IBM's (IBM) - Get Report $1.3 billion splurge for Internet Security Systems (ISSX) has had tongues wagging about which security software makers could be snapped up next.

EMC

(EMC)

kicked off the buying binge in June with its acquisition of

RSA Security

(RSAS)

for $2.1 billion, noting at the time that security was "a missing piece in our information infrastructure puzzle."

Data infrastructure companies represent the latest sector to focus on security, mimicking networking firms' security spree a few years back, according to a Thursday note from Robert Breza of RBC Capital Markets.

"You're seeing a move from securing data, to figuring out who has access to the data

and that application, and how to secure that application ... that tends to be more of an infrastructure play than a networking play," Breza said in an interview.

The emphasis on application security and access has created a dynamic climate for infrastructure, networking and pure-play security firms.

"We recognize that many of the broad solution providers face pressure to have a security product that is difficult to develop organically, leaving M&A as the only real option," Breza wrote.

It's also not surprising that IT firms are looking at the security market. According to Gartner numbers, overall IT spending is growing 5% a year, and security spending is growing 10% a year.

"If you're an IT vendor and you want to increase your growth, you look at security," says John Pescatore, who follows security for Gartner. "That's behind a lot of this."

Analysts speculated the next tech firm to go shopping could be

Hewlett-Packard

(HPQ) - Get Report

, which stands out for its lack of security pick-ups.

"It's the one that leaps out at you. H-P has really shown no great vision for security overall," says Pescatore. He does not own any stock in the companies he covers and his firm doesn't do banking.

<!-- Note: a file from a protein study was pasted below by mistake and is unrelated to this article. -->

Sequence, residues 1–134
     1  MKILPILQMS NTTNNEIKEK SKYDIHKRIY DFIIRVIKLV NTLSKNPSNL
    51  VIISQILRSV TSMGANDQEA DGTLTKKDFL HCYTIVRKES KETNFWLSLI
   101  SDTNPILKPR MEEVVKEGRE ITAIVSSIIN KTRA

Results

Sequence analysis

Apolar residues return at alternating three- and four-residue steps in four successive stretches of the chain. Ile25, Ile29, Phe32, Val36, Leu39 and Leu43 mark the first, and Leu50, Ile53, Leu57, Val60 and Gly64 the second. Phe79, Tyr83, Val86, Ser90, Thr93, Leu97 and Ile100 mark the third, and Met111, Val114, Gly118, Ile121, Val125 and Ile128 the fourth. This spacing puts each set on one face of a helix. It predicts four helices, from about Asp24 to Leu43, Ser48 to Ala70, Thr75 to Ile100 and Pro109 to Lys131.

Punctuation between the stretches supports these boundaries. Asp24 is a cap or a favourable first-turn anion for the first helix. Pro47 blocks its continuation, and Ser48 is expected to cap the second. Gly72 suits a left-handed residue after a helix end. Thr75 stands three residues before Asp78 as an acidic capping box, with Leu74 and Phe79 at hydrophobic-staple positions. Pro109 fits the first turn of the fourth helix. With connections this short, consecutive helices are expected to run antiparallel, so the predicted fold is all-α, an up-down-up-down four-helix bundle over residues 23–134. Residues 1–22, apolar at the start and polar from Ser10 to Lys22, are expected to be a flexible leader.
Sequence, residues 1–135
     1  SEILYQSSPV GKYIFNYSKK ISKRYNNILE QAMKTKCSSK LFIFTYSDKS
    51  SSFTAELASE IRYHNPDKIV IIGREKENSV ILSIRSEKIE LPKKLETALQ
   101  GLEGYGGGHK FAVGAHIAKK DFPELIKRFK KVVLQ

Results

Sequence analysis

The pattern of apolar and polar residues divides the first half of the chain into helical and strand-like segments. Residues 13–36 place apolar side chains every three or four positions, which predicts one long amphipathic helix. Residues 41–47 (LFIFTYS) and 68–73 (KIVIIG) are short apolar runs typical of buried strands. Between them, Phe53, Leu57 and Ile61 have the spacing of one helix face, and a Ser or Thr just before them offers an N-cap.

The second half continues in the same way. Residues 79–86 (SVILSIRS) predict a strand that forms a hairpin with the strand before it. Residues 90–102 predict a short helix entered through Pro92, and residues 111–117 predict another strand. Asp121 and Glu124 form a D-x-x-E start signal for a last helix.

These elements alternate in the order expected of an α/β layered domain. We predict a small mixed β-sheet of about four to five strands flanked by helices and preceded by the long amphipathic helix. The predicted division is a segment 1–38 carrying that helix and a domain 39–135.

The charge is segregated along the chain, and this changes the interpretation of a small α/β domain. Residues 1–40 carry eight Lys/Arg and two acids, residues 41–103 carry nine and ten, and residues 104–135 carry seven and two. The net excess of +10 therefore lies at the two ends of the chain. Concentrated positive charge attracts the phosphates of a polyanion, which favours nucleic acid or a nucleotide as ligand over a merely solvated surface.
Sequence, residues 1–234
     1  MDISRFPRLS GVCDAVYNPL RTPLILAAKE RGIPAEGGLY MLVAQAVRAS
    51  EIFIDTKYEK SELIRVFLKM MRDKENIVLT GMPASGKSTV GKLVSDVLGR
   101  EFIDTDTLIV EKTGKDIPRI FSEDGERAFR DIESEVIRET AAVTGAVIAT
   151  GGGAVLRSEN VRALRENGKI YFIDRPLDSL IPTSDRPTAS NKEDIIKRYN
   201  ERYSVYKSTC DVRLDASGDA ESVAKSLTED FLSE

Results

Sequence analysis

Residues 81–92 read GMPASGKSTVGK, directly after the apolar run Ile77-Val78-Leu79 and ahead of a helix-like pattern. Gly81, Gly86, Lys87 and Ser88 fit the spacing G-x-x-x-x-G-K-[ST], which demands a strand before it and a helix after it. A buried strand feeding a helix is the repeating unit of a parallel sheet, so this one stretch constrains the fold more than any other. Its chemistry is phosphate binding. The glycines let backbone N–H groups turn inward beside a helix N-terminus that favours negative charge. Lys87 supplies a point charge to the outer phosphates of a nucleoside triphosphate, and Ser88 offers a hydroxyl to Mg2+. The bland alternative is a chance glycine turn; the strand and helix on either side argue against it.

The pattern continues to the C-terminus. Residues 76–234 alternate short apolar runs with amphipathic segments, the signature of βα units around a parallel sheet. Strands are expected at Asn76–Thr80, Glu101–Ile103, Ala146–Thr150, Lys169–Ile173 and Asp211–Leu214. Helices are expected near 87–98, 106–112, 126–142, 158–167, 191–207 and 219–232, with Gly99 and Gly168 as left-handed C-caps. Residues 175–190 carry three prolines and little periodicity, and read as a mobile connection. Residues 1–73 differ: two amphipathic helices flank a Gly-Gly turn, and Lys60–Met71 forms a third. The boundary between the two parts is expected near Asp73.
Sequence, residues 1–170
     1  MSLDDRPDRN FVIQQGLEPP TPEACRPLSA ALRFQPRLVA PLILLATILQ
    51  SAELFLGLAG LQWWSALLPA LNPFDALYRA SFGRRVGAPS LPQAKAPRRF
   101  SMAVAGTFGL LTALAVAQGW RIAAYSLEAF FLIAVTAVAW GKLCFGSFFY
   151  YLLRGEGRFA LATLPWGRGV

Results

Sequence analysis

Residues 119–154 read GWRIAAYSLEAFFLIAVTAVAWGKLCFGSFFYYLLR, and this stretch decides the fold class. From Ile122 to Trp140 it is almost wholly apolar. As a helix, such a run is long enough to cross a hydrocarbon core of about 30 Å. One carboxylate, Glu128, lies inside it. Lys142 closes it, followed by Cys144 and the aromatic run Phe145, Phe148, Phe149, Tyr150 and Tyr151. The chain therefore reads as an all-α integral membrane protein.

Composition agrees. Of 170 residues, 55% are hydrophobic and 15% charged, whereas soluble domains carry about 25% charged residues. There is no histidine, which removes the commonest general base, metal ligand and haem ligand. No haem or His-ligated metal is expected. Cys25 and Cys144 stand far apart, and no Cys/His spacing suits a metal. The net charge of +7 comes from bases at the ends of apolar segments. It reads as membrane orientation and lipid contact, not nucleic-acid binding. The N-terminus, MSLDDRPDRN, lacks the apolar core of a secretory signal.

He speculated that H-P might eye

Sourcefire

or

CheckPoint

(CHKP) - Get Report

for network security products or

Cybertrust

for its managed security services.

"EMC,

CA

(CA) - Get Report

and now IBM have a meaningful presence in the market, but H-P is notably absent," wrote Walter Pritchard, an analyst with Cowen, in a Thursday note. He added that two of the security sectors biggest names make a good match: "We'd look to

McAfee

(MFE)

and

Symantec

(SYMC) - Get Report

as companies that make the most sense to fill this gap, although clearly an acquisition of Symantec would be a broader move than just filling the security piece." Pritchard's firm makes a market in ISS.

Breza concurs that McAfee would be an appealing match for H-P. The antivirus firm would bring broad distribution, a solid brand name and a loyal customer base to the tech giant. He estimates the probability that McAfee is in play at 50% or better.

On the other hand, McAfee could be predator rather than prey and take out another security firm itself.

SonicWall

(SNWL)

would improve McAfee's reach to small and medium businesses and would fill some product gaps, Breza says. (His firm makes a market in SonicWall.)

All of this potential consolidation, however, doesn't necessarily mean fewer opportunites for investors in the future. "Given all the M&A we've seen, I think it's important to point out to investors that these things move in cycles," Breza says. "There are some very good, emerging, hot private companies out there that will step up and fill the void. They could

go public any time."

While more established security software firms will be in the sights of larger firms, analysts seem to agree that the security market won't be entirely swallowed up by big tech firms.

"New threats pop up and smaller vendors are always more nimble to react," Pescatore says.